The Pain Of Survival In Sindh

The Pain Of Survival In Sindh
Natural calamities and multifaceted emergencies during the past three months have disrupted the lives of flood victims and affected the people of Sindh of 23 districts and their routines, which will continue to affect their lives for many years to come.

The flood this year has set a different example of a flood in over forty-years of history, the dimensions of the problems have also changed, both of which will further increase poverty rate. Poverty severity measures the depth of deprivation faced by those living below the poverty line. This calamity has put Sindh and it 23 districts in the misery of suffering.

People are depending on temporary aid provided by NGOs and all of them are not fulfilling their rehabilitation to any extent. People have gone into more trouble, distress and anxiety. A consistent strategy is missing in all of this. Yet the same amount of tax is taken from the all people of Sindh and there is no uniformity in equity. In other countries, whenever a disaster occurs, the government compensates them, but here it is scenario is completely different and unfavourable for the flood affected souls.

"My house was razed to the ground, crops washed away and I even lost my two goats and a calf. That night of August 17, 2022 was terrible. I carried my two children in my arms and two on my shoulders. We took refuge in the nearby empty school building, before the flood water reached there as well. We all were drenched from head to toe. My wife caught fever on that night," said Kheran from Umerkot.

As the manifestation of different types of disasters is a natural process, climate change is affecting the whole world, but with our existing approaches by investing truthful resource we need to develop some long-lasting thought process that can prevent future disasters to some extent.

For successful future flood risk management, a strong long-term strategy is better than empty and useless talk or investing resources without mapping and there is also the need to think of something innovative.

In Sindh, the flood occurs in areas which are low lying and all the houses there are made of dirt and mud. In every district there is also an urban population whose houses are paved and built as per DRR aspect and never affected. If urban areas are not affected in every flood, then why not we are thinking about these rural areas and attempt to find a permanent solution for them too?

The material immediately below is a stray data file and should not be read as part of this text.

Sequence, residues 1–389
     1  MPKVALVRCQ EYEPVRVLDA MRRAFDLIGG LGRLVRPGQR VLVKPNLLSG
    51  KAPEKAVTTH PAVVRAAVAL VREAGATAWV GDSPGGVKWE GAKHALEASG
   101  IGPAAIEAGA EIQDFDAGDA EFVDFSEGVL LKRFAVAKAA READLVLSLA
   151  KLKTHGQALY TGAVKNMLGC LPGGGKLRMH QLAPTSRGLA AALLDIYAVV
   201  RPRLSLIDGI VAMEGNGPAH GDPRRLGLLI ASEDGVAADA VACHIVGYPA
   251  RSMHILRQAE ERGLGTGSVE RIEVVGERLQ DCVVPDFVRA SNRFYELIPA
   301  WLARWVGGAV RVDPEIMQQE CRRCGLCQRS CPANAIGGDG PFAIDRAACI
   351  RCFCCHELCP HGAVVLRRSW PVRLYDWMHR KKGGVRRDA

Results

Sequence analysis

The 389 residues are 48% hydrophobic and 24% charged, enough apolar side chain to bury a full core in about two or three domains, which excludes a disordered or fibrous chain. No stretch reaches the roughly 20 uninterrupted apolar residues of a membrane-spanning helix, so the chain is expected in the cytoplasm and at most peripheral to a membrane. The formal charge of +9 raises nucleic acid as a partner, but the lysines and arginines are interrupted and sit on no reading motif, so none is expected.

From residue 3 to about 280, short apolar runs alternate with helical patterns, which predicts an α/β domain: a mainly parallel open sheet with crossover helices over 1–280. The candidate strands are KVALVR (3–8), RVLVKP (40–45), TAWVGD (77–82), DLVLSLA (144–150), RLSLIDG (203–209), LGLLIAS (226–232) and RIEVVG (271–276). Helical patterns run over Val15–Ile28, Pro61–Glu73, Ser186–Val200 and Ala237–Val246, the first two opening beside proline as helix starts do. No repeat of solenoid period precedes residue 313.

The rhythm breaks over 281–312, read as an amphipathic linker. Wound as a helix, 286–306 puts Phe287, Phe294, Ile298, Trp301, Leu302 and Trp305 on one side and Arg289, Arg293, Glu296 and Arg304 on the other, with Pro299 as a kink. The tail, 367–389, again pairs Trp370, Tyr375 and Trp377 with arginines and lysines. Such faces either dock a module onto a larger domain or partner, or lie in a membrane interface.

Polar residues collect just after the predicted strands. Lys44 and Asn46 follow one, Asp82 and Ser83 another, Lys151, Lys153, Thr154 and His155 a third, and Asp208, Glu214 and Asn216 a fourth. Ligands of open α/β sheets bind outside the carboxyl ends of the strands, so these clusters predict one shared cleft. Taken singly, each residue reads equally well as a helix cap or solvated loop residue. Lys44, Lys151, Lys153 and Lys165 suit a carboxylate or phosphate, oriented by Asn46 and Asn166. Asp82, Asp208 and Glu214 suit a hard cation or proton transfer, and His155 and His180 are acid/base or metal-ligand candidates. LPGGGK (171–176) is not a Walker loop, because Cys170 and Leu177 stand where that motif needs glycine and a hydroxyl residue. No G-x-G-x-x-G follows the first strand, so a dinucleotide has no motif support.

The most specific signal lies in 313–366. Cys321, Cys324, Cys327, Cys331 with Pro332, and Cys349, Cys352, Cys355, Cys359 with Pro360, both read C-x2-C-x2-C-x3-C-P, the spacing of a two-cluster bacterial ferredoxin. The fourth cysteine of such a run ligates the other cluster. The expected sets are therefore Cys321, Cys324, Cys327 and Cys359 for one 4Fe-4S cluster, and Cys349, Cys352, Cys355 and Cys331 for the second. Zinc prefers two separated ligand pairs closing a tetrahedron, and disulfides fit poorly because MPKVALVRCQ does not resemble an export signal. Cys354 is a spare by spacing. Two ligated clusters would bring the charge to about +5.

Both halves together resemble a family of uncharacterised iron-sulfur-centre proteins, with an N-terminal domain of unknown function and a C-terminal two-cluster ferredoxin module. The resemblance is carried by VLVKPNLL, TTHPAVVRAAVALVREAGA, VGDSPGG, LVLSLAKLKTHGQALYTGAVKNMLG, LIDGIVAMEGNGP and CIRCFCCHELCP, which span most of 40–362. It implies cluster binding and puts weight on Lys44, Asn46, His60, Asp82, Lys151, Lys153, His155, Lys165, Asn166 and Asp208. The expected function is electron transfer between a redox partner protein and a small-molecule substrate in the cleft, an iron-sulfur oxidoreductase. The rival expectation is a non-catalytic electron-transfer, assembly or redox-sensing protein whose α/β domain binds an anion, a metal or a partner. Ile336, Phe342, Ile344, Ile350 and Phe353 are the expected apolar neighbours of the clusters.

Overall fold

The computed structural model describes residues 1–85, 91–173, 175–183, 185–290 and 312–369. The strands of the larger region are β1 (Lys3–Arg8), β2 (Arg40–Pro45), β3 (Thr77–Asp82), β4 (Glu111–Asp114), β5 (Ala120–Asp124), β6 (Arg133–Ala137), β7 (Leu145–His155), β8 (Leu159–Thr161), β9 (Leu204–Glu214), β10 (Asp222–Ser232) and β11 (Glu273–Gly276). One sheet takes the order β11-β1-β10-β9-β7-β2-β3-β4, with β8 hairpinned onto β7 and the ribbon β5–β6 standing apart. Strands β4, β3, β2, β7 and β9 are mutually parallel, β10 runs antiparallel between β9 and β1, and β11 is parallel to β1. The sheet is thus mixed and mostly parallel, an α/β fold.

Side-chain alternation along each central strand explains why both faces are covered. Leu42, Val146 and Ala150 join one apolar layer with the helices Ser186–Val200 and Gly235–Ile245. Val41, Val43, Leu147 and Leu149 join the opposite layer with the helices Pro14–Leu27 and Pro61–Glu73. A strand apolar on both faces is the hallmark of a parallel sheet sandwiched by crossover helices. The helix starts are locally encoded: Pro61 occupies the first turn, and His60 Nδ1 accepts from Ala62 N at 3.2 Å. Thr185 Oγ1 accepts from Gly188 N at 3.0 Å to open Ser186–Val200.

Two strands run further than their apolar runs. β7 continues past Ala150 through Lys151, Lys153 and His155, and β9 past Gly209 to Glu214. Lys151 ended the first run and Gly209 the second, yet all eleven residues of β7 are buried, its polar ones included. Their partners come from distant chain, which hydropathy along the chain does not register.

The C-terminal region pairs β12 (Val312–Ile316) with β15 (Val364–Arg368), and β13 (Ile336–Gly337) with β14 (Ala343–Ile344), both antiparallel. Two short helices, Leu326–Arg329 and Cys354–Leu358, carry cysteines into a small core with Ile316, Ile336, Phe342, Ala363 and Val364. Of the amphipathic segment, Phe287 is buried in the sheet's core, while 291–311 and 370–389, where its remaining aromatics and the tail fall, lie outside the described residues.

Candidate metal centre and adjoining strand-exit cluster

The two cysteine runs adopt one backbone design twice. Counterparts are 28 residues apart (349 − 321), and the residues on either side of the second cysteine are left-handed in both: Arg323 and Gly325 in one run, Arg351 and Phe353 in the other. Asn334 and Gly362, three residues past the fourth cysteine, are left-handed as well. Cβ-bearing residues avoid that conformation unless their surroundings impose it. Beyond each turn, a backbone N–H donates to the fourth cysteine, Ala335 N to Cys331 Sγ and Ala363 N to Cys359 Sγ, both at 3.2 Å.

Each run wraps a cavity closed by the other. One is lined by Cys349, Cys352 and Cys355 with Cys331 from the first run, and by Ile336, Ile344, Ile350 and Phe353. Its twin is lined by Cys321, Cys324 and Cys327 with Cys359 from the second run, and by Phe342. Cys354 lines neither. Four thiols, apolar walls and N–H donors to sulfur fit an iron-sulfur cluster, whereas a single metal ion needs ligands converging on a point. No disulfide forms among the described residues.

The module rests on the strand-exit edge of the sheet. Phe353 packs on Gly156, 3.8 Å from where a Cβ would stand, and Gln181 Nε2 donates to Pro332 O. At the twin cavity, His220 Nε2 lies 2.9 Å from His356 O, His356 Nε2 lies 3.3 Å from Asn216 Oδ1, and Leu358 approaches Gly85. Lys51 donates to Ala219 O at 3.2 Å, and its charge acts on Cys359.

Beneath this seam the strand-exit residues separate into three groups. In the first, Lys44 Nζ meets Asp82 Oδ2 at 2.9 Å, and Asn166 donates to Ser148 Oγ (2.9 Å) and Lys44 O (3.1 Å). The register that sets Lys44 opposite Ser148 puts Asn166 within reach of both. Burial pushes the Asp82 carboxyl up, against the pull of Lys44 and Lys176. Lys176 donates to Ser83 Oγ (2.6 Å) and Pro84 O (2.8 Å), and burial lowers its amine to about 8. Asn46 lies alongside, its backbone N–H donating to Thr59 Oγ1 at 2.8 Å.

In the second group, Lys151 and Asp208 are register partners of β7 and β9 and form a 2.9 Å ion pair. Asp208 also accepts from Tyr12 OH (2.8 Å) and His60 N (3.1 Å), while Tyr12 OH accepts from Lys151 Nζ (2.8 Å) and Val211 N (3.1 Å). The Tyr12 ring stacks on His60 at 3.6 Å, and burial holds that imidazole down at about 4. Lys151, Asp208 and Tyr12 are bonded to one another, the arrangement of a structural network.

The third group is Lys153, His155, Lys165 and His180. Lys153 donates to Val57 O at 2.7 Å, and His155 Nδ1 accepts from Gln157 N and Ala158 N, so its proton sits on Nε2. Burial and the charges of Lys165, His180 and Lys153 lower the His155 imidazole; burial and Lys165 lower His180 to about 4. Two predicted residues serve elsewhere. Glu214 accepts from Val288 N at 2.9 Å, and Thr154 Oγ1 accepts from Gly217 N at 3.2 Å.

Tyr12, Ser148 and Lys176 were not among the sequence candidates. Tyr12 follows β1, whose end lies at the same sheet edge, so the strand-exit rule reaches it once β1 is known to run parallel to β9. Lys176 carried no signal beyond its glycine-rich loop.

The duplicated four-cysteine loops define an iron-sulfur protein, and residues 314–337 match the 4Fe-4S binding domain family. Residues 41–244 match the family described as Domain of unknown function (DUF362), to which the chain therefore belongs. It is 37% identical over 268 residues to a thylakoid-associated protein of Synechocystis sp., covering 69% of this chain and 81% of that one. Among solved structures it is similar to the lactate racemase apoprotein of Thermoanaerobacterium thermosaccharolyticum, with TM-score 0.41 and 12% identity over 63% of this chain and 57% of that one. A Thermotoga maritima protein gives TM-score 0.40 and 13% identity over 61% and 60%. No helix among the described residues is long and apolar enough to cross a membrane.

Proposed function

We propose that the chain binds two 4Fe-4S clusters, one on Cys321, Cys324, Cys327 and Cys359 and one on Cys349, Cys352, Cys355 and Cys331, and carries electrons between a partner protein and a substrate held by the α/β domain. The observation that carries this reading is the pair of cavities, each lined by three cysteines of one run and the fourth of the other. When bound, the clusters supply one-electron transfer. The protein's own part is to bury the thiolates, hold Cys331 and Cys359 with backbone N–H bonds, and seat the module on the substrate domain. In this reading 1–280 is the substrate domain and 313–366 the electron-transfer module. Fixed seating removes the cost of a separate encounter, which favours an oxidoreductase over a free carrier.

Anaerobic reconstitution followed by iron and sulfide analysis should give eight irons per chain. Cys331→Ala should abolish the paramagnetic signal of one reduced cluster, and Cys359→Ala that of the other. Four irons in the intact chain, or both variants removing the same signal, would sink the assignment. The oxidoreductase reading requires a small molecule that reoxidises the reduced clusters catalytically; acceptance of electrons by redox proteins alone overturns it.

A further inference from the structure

A sustainable housing strategy will facilitate future risk mitigation to Sindh as well as Pakistan. If we don't think like this, this time, we will suffer even more.  According to the global forecast, there will be more flood risks and intensity in the coming years, which will put us back in the same terrible situation.

While the government is conducting a survey of these affected district through Tapidars or Patwaris, the details of damages and losses of all these affected houses will also come to the Deputy Commissioner.  The damage should be seen.

After every three years there is a flood in our Sindh, we now have three long years in which we can think in more positive and innovative way that will benefit our people and their innocent children. We can learn to do three things to minimise the risks of floods in the future.

  • One is to learn to build concrete houses on DRR aspects with the help of government and other donor agencies.

  • Second, we have to think about the proper drainage of flood water, we learn to drain the flood water in two ways; through digging huge pit through the help of people at the level of the village, and we have to try that there is an external drainage possible option for pull out of this flood water.  As in current flood situation the stagnant water posed danger of the spread of different diseases. People had started falling sick of malaria, typhoid, diarrhea and many other skin ailments.

  • Thirdly, we need to look at them from their psychological aspects, in these calamities they get worried, especially their children who are the future of Pakistan.

Many people want to go back to their normal life, but they are unable to go, they do not have enough resources, suitable options to do anything in their capacity. There is a dire need for the government to learn from past experiences and address them appropriately.